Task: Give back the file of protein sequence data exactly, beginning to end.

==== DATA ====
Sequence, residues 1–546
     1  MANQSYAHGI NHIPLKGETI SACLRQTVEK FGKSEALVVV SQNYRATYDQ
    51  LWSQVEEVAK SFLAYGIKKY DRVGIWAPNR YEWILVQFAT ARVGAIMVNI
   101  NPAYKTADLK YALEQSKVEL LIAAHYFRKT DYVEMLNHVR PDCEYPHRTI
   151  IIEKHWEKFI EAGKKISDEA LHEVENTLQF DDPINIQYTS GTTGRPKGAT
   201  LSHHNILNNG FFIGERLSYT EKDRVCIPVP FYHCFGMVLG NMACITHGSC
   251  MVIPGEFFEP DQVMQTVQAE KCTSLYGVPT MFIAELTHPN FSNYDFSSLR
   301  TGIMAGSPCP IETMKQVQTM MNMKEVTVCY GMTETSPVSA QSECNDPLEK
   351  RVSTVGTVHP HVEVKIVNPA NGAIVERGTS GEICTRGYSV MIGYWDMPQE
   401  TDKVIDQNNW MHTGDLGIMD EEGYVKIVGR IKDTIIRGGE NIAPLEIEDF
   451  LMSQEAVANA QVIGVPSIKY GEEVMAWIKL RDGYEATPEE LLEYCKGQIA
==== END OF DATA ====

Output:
Sequence, residues 1–546
     1  MANQSYAHGI NHIPLKGETI SACLRQTVEK FGKSEALVVV SQNYRATYDQ
    51  LWSQVEEVAK SFLAYGIKKY DRVGIWAPNR YEWILVQFAT ARVGAIMVNI
   101  NPAYKTADLK YALEQSKVEL LIAAHYFRKT DYVEMLNHVR PDCEYPHRTI
   151  IIEKHWEKFI EAGKKISDEA LHEVENTLQF DDPINIQYTS GTTGRPKGAT
   201  LSHHNILNNG FFIGERLSYT EKDRVCIPVP FYHCFGMVLG NMACITHGSC
   251  MVIPGEFFEP DQVMQTVQAE KCTSLYGVPT MFIAELTHPN FSNYDFSSLR
   301  TGIMAGSPCP IETMKQVQTM MNMKEVTVCY GMTETSPVSA QSECNDPLEK
   351  RVSTVGTVHP HVEVKIVNPA NGAIVERGTS GEICTRGYSV MIGYWDMPQE
   401  TDKVIDQNNW MHTGDLGIMD EEGYVKIVGR IKDTIIRGGE NIAPLEIEDF
   451  LMSQEAVANA QVIGVPSIKY GEEVMAWIKL RDGYEATPEE LLEYCKGQIA